Regarding the kind of love or affection that should exist among believers as “brothers” in the family of God’s children, Paul did not see a need for anything to be written. As he said to the Thessalonians, “For you are taught by God to love one another.” They had come to know the greatness of God’s love as revealed through the giving of his beloved Son to effect a liberation from sin and death. (See the Commentary section on 1 John 4:9-11.) They were, in fact, showing love for all the brothers in Macedonia, but Paul desired that they continue to grow in this aspect of their lives. (4:9, 10)

According to Paul’s second letter to the Thessalonians, certain ones among the believers had drawn the wrong conclusion about the nearness of the arrival of Jesus Christ in glory. Believing the event was at hand, they felt there was no reason for them to work, expecting fellow believers to provide for them. (Compare 2 Thessalonians 3:6-12) This may well be the reason Paul gave the admonition in his first letter for the Thessalonians to live quietly, caring for their own affairs and working with their hands, as he had instructed them while with them. When acting in harmony with the apostle’s admonition, they would have been “walking” or conducting themselves respectably in the eyes of persons outside the community of believers and would not be in need of anything on account of indolence. (4:11, 12)

It appears that one or more among the believers in Thessalonica had died. This apparently is the reason Paul wanted his Thessalonian brothers not to be in ignorance about those who had fallen asleep or had died. His desire was that they not sorrow as did persons without hope, persons who were totally overcome by grief and had no hope of any kind to mitigate their sadness. Believers had faith that Jesus had been raised from the dead. This faith provided the basis for the hope that God, “through Jesus,” would bring “with him” (with Jesus at his arrival or at the start of the presence) those who had fallen asleep or who had died. The words “through Jesus” may indicate that God would raise the dead through or by means of him. Another possibility is that the “ones sleeping through Jesus” are the dead in Christ who would be resurrected and whom God would bring with his Son at the time of the glorious arrival. (4:13, 14)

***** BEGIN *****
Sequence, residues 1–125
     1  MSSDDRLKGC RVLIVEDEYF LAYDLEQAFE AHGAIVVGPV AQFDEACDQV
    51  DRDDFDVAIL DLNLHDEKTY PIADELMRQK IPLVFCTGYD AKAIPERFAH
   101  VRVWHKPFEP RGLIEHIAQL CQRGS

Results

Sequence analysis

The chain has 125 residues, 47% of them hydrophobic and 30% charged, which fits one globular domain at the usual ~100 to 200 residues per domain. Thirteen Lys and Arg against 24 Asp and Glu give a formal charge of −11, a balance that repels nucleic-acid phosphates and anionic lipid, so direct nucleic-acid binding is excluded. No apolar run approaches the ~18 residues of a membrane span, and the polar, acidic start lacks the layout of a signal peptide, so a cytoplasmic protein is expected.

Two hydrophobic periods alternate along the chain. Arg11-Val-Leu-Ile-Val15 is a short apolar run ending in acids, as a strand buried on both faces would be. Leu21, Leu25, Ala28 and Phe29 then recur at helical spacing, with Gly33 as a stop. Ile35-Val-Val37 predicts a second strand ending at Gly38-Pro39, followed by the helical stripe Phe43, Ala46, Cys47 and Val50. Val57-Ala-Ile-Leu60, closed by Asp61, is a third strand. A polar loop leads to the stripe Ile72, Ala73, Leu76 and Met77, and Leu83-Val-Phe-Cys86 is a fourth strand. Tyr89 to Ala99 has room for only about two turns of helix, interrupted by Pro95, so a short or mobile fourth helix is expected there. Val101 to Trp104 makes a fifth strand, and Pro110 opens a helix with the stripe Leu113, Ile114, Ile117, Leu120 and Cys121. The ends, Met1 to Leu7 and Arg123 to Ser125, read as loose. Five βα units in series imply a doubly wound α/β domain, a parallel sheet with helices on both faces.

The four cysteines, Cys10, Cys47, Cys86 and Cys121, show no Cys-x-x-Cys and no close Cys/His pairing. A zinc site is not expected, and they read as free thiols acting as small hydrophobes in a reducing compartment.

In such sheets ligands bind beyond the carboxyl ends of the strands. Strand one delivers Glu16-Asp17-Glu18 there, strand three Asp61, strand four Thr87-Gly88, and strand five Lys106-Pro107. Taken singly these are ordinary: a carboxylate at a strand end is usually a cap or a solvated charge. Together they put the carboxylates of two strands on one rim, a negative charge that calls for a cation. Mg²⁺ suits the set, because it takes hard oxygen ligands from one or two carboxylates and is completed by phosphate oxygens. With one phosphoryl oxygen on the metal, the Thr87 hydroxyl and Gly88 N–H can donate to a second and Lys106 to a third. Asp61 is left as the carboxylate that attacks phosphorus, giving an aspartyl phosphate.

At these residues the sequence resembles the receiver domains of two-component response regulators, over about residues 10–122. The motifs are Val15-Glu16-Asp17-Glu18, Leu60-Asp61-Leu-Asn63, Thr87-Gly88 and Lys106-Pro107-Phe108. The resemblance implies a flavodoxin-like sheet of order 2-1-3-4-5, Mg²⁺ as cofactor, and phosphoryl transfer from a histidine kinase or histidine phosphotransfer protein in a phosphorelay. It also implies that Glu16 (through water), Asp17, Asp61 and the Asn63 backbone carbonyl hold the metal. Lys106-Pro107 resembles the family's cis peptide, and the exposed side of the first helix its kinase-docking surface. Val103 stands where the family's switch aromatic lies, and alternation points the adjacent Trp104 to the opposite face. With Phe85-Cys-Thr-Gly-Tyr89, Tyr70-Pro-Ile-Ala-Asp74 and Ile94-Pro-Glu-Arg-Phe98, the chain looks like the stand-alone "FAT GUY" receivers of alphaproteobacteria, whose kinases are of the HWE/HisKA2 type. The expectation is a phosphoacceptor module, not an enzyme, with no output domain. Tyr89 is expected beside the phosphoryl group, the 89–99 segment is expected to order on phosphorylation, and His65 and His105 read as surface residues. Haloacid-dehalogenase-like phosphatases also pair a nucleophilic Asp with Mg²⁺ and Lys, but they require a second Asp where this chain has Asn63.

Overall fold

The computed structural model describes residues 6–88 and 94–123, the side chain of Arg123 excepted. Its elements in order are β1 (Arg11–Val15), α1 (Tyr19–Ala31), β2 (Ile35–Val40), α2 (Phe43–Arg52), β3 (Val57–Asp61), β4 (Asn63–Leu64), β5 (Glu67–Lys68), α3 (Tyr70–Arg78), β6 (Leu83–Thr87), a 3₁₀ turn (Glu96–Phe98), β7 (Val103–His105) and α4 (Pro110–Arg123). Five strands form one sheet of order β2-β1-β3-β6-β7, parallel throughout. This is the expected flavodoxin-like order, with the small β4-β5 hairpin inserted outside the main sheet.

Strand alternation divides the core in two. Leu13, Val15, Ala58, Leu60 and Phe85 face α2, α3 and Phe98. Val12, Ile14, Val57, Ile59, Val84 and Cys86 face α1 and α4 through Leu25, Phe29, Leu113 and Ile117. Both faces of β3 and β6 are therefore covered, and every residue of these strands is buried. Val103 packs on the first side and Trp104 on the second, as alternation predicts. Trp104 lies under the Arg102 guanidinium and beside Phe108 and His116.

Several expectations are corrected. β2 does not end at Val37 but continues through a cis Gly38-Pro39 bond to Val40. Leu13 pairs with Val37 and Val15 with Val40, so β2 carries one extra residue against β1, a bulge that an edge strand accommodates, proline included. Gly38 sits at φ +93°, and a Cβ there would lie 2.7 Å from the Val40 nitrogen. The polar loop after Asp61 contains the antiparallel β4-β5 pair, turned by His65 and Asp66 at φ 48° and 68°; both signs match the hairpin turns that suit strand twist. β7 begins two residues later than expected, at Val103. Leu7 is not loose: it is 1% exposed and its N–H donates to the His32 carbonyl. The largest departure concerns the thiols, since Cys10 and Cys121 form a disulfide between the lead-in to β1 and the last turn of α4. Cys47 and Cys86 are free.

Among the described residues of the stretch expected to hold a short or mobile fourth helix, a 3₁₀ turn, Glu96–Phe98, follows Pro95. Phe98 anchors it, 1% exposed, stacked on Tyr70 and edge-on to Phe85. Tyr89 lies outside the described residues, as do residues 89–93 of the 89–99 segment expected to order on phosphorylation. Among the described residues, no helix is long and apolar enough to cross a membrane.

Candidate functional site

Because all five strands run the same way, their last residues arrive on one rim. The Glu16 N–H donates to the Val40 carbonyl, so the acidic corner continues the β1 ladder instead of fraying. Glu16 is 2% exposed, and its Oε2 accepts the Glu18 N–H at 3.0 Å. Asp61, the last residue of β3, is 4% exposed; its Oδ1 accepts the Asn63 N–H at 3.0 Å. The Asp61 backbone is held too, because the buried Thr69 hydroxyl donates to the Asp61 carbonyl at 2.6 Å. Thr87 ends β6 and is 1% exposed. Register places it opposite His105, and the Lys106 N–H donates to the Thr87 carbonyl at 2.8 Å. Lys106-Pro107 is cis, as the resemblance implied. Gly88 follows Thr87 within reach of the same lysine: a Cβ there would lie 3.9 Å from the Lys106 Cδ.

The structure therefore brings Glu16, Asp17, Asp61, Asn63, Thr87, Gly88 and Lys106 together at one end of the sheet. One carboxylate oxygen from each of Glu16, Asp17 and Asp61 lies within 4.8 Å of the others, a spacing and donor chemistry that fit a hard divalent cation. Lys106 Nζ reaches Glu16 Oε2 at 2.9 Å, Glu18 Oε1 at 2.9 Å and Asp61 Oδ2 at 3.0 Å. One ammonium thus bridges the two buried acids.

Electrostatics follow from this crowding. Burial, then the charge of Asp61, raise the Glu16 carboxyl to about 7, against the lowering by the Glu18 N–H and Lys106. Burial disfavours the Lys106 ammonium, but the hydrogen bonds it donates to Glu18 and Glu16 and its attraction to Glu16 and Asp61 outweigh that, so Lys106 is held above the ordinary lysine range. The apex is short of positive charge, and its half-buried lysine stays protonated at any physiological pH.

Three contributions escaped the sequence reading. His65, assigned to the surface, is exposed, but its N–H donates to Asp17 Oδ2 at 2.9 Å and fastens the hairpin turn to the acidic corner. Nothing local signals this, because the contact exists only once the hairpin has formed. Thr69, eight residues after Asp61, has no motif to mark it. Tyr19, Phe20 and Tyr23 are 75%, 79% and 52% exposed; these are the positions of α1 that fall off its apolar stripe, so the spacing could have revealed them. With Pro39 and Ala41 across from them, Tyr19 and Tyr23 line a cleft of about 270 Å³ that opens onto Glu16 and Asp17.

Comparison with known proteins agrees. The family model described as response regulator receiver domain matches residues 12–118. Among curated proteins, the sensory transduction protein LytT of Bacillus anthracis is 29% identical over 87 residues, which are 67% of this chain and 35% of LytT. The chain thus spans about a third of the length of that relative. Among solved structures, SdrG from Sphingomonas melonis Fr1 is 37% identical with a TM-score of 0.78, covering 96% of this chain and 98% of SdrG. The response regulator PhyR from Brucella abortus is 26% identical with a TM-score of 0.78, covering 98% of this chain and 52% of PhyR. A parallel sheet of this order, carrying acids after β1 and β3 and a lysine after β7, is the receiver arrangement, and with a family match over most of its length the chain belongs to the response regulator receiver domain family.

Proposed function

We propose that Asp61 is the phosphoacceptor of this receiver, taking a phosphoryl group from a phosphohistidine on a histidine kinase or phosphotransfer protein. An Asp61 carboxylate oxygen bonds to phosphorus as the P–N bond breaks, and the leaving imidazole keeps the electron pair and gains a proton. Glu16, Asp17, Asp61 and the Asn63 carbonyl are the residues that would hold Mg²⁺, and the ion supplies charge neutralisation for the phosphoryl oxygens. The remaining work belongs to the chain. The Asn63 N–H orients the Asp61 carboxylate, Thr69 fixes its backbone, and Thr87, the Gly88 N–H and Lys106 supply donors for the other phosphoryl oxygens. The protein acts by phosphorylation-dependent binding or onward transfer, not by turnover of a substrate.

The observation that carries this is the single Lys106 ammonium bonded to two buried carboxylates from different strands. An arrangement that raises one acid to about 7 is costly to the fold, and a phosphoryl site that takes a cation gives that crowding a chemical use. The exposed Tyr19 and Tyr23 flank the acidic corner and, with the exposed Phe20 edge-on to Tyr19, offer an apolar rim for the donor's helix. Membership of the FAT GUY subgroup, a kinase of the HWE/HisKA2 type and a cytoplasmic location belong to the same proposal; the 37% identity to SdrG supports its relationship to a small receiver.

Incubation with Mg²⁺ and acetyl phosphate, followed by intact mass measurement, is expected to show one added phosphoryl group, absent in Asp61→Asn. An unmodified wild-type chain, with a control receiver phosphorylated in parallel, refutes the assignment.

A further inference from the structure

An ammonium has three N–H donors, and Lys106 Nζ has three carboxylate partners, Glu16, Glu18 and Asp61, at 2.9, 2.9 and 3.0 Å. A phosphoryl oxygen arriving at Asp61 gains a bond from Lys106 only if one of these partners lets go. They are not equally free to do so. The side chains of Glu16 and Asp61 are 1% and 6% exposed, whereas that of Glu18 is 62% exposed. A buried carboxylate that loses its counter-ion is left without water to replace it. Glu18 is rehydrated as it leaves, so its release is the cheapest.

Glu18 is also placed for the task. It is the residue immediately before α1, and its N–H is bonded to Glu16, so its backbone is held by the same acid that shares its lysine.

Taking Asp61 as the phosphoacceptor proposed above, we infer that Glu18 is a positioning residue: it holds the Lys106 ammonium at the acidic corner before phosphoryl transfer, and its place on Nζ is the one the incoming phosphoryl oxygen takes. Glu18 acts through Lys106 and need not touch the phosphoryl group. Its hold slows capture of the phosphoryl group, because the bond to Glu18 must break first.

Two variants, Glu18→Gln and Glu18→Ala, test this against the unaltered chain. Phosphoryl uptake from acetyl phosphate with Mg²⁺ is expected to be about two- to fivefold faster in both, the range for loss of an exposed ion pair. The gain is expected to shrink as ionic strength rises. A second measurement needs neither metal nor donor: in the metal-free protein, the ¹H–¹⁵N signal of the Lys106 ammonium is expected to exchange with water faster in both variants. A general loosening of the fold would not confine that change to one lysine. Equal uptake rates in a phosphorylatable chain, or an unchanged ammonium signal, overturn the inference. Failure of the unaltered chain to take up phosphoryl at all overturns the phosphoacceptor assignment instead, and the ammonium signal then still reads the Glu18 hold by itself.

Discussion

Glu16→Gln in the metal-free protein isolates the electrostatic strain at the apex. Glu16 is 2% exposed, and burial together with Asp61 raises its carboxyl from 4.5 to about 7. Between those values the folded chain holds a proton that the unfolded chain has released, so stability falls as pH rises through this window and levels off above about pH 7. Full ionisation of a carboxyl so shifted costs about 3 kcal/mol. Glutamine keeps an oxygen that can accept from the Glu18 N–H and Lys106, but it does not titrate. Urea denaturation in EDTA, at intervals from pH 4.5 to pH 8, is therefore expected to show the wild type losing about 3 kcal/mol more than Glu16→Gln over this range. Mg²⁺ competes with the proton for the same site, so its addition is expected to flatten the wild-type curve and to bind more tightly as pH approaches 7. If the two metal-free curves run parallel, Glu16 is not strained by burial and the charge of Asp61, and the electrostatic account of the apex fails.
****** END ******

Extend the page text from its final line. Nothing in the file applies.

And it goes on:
Apparently Paul referred to authoritative teaching of Jesus Christ when indicating that what he said was “by the word of the Lord.” While on earth, Jesus did tell his disciples that he would “return in the glory of his Father with his angels and then repay each one according to his action.” (Matthew 16:27) At that time, according to Jesus’ words, he would “send out his angels with a great trumpet blast,” and they would “gather his elect from the four winds, from one end of the heavens to the other end.” (Matthew 24:31) For those who had died to receive their reward would require their being raised from the dead. As for those alive at Christ’s arrival in glory, they would be gathered to him. Likely Paul had additional teaching from the Lord that made it possible for him to say that, with reference to entering upon their reward, those who would survive until the arrival of the Lord would not precede those who had died. Accompanied by a word of command, an archangel’s voice, and God’s trumpet, Christ would descend, revealing himself as having returned in glory, and the dead in Christ or believers would rise first. Afterward all believers then alive would be “caught up in clouds to meet the Lord in the air,” making it possible for them always to be with him. According to Paul’s first letter to the Corinthians (15:51-54), the living believers would experience a change from a corruptible body to an incorruptible body. The words about the hope for those sleeping in death, words solidly based on the Lord’s teaching, would enable the Thessalonians to comfort one another about any from among them who may die or may have died. (4:15-18)